So, after months of preparation, an online application, and a telephone interview, Teach For America invited me to one final interview to see if I’m up to snuff for their teaching program. It was about 4-5 straight hours of presentations, group projects, and interestingly enough, a mock lesson that each one of us was supposed to conduct. There were ten other seniors in the room with me, besides the two young TFA instructors who were reviewing and taking notes on us, and I was amazed at how well we all did.

I spent a lot of time (4-5 hours) last night rehearsing and practicing for my lesson plan. I highly doubt that real teachers do it this way, but for a faux-teacher like myself, I found that writing down a script, and then reading it over and over again helped my memory retention for my chosen five-minute lesson plan, the “American System of Checks and Balances.” You might find this kind of silly, but before I went to bed last night I recorded myself reading my prepared lesson at a rate and pitch that I thought would be relaxing and measured, giving myself exactly 4 minutes, plus 1 minute to complete the quiz/worksheet that I had prepared for the 10 other students in my “classroom.”

Here’s a copy of the practice speech that I fell asleep listening to on repeat. Keep in mind that I was orienting the language to be suitable for 7th graders, and I had to try to get as much in within 5 minutes as possible. In the shower this morning, I read the lesson several times to the wall as the hot water hit me. I was so relaxed, so ready to go, so pumped at the thought of giving my presentation, that I found myself half-wishing I could give my lesson from the comfort of the shower. However, figuring that they probably wouldn’t rate that as “Business-Formal Attire” I suspected it wouldn’t go over too well, and I reluctantly exited, with plenty of time before the day’s 9:00AM scheduled start.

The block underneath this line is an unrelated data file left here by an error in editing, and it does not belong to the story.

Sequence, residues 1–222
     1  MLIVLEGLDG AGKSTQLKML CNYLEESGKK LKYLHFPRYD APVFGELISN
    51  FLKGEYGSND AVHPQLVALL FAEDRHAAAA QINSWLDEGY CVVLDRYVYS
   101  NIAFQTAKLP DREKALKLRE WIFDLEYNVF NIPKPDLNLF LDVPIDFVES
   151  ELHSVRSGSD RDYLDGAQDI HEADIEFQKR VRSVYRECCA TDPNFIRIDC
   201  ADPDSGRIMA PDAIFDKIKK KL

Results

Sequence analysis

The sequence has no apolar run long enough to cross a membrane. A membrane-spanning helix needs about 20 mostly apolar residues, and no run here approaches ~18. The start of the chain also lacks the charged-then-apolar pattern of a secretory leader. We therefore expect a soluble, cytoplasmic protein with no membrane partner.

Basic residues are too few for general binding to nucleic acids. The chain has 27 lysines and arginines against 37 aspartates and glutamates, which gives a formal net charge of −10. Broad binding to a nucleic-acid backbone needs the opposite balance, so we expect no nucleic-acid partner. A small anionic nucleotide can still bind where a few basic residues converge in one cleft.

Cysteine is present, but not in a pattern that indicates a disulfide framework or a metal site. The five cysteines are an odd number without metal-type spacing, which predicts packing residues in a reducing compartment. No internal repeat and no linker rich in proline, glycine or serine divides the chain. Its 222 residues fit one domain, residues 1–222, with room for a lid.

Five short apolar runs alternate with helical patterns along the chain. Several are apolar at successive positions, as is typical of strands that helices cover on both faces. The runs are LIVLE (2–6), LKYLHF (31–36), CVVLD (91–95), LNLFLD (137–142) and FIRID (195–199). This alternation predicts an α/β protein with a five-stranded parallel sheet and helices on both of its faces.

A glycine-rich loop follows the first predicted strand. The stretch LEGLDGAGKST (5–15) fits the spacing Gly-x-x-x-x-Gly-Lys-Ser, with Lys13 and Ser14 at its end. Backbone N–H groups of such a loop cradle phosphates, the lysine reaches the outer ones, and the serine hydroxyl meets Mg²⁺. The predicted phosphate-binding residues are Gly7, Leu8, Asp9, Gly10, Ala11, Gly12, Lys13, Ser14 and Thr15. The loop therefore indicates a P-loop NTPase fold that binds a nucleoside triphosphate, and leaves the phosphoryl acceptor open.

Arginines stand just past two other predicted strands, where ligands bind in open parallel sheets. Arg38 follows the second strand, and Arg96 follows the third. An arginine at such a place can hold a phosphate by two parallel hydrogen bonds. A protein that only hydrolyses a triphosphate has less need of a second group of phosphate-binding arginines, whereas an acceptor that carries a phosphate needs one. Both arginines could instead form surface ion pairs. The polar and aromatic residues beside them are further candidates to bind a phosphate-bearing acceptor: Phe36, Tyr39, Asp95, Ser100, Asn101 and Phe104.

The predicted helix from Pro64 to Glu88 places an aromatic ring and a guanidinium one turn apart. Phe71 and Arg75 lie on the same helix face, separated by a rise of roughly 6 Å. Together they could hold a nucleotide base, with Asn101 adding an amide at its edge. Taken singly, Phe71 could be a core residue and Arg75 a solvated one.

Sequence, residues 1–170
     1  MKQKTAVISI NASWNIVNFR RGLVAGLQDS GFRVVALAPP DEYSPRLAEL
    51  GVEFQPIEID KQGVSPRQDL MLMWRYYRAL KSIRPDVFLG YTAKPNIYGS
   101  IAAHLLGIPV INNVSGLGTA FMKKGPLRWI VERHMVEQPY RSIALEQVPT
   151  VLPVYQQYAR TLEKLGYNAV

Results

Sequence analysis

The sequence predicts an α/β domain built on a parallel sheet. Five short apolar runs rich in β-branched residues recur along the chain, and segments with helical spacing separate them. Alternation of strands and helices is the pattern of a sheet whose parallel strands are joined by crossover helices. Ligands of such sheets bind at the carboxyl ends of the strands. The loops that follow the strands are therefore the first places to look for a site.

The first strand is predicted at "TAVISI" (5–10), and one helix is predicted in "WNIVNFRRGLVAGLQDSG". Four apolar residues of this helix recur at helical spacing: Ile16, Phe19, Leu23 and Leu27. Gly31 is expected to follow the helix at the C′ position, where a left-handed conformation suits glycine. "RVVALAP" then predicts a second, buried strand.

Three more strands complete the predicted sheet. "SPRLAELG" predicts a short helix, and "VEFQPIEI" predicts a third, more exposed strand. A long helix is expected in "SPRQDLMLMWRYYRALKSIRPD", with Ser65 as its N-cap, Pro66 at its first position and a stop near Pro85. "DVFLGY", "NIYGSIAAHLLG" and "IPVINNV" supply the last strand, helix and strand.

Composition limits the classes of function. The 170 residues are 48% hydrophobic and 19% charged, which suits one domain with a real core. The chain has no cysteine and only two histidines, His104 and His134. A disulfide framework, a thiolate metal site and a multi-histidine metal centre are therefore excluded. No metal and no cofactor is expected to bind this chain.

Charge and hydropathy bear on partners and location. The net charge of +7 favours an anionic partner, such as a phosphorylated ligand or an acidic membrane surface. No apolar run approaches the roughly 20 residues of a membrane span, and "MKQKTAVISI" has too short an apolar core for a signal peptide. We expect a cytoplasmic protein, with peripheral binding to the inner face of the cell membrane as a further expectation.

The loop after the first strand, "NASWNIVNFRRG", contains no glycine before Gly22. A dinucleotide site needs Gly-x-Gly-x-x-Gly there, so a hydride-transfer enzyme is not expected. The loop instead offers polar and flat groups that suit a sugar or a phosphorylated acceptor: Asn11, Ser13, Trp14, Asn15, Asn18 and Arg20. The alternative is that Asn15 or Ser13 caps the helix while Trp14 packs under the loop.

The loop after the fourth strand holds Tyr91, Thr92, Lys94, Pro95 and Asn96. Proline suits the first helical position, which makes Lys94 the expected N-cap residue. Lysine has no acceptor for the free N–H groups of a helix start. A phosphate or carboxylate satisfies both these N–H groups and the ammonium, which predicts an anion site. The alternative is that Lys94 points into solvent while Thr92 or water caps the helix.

For comparative purposes, I had my recorder in suit breast pocket while I did my speech. You can obviously tell that being in front of people (especially being judged in front of people) makes my speech patterns a little flustered and nervous, something I’ve been working on correcting for a long time. I’ve gotten a lot better though; when I would do presentations in 4-H as a kid, sometimes stuttering would get the better of me, which rarely happens these days. Unfortunately, I didn’t budget my time as closely as I hoped, and I missed out on talking about “Judicial Independence” which I thought was particularly interesting in the years since the Bush v. Gore case. Didn’t get to show everyone my nifty worksheet that I designed either; ah well.

Following all of our lessons (which were great; it was like being in middle school all over again with all the simple handouts everyone got from everyone else) we had our face-to-face interview. My interviewer, Jessie, was very nice and really did a good job of encouraging me to just speak my mind on her questions, which ranged from my reactions to hypothetical school policies, previous experience in leadership roles within the Campus Antiwar Network and within the Division of Information Technology, and my goals as a teacher for TFA. She also reassured me that a lot of people go over their time a little bit (there were two others in my group besides me that did) – the main thing is just hearing how we comport ourselves in a public speaking situation.